Pensions and savings tax relief under attack
MPs want to reform the savings and pensions tax relief system to benefit the less well-off.
MPs want to reform the savings system to benefit the less well-off
Chancellor Philip Hammond should scrap the lifetime individual savings account (Lisa), bring in flat-rate tax relief on pensions, and remove the lifetime allowance (LTA). These were the recommendations of the Treasury Select Committee, in a report published last week.
The committee's main recommendation is that the current system of tax relief whereby savers get tax relief on pension contributions at their highest marginal rate of income tax should be replaced with a single flat rate. As MPs point out, the current system means that savers on high incomes get a disproportionate share of the annual £41bn in pension tax relief more than 50% goes to those earning above £50,000.
Higher-rate taxpayers might be more keen on the committee's idea of abolishing the LTA, currently set at just over £1m. If you build up a pension fund worth more than that (including investment growth and employer's contributions), you face punishing tax penalties. This overly complicated system should be scrapped in favour of a lower annual allowance on pension contributions, said the committee. Currently, the annual allowance stands at £40,000 for most savers (although it's worth remembering that as recently as 2011, this was £255,000).
Finally, the committee reckons that the government should scrap Lisas. These were only introduced two years ago, and are designed to help savers under the age of 40 to build up cash to buy a first house, and to get them started on saving for retirement. But although Lisas are steadily growing in popularity, MPs complained that the Lisa rules are confusing, and that the ability to save for a property might also dissuade people from saving into their workplace pension, where they benefit from an employer's contributions.
MPs also hope that expanding the scope of auto-enrolment, under which all employees are automatically joined to their employers' schemes, would help self-employed workers, who typically save less for retirement and tend to be less well-off.
Taken together, these measures should help less affluent families save more by redistributing taxpayer-funded support for savings from the wealthy, argue the MPs. A lower annual allowance and the end of pensions tax relief paid at 40% or even 45% would raise very significant sums from the most affluent, while higher earners may find it easier to plan for retirement if the LTA is scrapped entirely.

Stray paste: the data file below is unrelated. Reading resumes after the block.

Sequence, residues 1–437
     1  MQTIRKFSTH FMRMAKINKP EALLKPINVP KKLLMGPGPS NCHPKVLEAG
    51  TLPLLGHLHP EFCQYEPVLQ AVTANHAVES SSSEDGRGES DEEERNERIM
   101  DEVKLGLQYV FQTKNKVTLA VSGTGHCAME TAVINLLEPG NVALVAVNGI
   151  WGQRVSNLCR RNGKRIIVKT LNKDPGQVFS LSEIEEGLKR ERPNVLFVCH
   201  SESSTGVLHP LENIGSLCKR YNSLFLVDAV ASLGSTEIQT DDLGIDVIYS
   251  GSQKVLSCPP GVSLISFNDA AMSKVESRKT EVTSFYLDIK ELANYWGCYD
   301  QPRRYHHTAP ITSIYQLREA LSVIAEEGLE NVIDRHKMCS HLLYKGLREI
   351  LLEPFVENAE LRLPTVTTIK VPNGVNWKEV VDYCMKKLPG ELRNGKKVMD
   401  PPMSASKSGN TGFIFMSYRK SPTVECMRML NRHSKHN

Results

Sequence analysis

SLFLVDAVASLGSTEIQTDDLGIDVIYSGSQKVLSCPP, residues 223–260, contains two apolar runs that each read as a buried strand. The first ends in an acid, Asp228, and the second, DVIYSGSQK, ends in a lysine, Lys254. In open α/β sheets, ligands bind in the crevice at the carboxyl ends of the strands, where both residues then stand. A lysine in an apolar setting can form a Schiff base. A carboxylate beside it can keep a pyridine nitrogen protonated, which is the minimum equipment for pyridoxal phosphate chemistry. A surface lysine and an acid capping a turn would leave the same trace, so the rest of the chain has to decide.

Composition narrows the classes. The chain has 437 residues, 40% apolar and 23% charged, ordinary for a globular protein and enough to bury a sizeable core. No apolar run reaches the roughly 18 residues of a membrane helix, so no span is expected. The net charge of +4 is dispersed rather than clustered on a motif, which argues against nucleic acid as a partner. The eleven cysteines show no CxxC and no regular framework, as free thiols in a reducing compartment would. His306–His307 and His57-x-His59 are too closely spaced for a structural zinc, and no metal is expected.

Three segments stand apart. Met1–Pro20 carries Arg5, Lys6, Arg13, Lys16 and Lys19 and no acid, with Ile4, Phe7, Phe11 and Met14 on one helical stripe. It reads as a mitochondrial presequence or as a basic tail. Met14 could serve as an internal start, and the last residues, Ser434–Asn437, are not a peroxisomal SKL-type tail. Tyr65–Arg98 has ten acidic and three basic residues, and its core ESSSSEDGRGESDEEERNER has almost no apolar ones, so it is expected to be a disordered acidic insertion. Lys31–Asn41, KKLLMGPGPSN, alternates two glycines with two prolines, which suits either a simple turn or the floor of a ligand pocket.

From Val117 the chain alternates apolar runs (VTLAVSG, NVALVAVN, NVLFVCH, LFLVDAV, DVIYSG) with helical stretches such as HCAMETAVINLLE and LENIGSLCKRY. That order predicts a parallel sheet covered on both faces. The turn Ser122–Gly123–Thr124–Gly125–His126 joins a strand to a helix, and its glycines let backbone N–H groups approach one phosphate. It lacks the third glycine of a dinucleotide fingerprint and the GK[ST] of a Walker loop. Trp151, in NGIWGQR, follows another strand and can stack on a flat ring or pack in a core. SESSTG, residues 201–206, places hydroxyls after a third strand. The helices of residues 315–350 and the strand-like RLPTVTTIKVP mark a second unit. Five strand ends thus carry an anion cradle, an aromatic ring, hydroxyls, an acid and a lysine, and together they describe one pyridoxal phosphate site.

But will it actually be scrapped?
The abolition of higher-rate tax relief on pension contributions has repeatedly proved to be the dog that didn't bark. But while successive chancellors have toyed with the idea of reform, only to pull back in fear of a backlash from middle-class savers, the Treasury Select Committee's report, backed by MPs from all parties, gives Philip Hammond more cover for taking action than any of his predecessors.
The chancellor would certainly be drawn to the revenue-raising possibilities. The Resolution Foundation, a think tank that works to improve the living standards of those on low incomes, reckons that a flat-rate relief worth 25% of contributions would cut the annual cost of pension tax breaks by £4bn a year, while still generating greater benefits for basic-rate taxpayers. If Hammond believes he could position such a shift as a redistributive measure, helping low and middle earners by taking from the wealthy, he might be tempted to risk such a bold move. Any savings could even be earmarked for the NHS, always popular.
Yet reform isn't easy. It would cause headaches for many occupational pension schemes, for example, and it's certainly a political gamble. So do top up your pension if you have the opportunity but equally, don't be surprised if tax relief gets yet another reprieve.
MPs seek to extend pensions freedoms
A campaign launched last week with the support of six MPs wants to persuade the government to make it easier for savers with annuities to cash them infor a lump sump.
Campaigners have been arguing for a change in the rules since 2016, when the government ditched plans to allow pensioners with an annuity a product that you can buy from an insurance company that provides a guaranteed regular income for life to sell their contracts, in order to unlock a cash lump sum.
That would effectively have given annuity holders access to the same rights as other savers were granted under the pensions freedom reforms of 2015.
Now, the Your Pension Your Choice campaign is launching a new front in this fight to free pensioners from what it claims is an "annuity trap", in which even pensioners receiving very small annuity incomes find it almost impossible to swap the money for a potentially more useful lump sum. The campaign is backed by MPs from all the major political parties.
However, opponents point out that Your Pension Your Choice is financed by a subsidiary of DRB Capital, a large American company that makes much of its money from buying annuities in the US. They also warn that plans for a secondary annuity market were shelved due to fears that people would receive poor value when selling their annuity contracts. The government said earlier this year that it had no plans to reverse this decision.